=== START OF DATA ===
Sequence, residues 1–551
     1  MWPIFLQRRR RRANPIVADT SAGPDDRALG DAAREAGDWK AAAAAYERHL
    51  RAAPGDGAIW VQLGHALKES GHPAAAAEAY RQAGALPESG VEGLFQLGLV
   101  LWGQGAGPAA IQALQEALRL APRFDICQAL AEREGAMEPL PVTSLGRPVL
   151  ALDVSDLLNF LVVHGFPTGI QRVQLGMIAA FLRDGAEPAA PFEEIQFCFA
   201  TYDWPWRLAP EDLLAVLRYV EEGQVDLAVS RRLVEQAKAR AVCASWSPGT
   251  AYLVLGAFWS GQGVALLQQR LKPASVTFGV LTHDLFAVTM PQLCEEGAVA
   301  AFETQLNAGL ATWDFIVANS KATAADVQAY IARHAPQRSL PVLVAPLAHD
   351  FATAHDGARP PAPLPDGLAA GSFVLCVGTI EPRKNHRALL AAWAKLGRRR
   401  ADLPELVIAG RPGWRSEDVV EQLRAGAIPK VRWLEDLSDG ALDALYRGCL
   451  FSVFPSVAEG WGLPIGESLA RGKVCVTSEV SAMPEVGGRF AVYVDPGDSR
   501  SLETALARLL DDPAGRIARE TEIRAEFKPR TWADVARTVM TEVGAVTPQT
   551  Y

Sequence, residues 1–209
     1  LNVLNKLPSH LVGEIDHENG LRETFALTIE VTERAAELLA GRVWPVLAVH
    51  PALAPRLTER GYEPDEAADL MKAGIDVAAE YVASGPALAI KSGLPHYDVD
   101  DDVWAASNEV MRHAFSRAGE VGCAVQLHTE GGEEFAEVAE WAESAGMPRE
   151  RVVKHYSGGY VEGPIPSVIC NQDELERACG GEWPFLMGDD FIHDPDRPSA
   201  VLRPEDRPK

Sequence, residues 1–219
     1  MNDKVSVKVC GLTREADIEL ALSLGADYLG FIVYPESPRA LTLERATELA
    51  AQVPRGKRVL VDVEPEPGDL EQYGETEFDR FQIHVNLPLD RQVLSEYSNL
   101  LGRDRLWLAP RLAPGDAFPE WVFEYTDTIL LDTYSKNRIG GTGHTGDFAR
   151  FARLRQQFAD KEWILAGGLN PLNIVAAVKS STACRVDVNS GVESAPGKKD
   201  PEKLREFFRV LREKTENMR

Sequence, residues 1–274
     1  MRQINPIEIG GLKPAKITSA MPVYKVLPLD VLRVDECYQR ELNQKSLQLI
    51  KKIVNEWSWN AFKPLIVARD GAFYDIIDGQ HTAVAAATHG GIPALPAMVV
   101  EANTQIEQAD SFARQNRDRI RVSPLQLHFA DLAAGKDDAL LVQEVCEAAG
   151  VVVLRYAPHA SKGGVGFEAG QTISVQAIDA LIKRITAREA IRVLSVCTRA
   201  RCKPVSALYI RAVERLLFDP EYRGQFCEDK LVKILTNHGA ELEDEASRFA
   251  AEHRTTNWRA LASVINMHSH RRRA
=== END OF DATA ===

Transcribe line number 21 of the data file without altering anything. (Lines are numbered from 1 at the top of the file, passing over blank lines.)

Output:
     1  MNDKVSVKVC GLTREADIEL ALSLGADYLG FIVYPESPRA LTLERATELA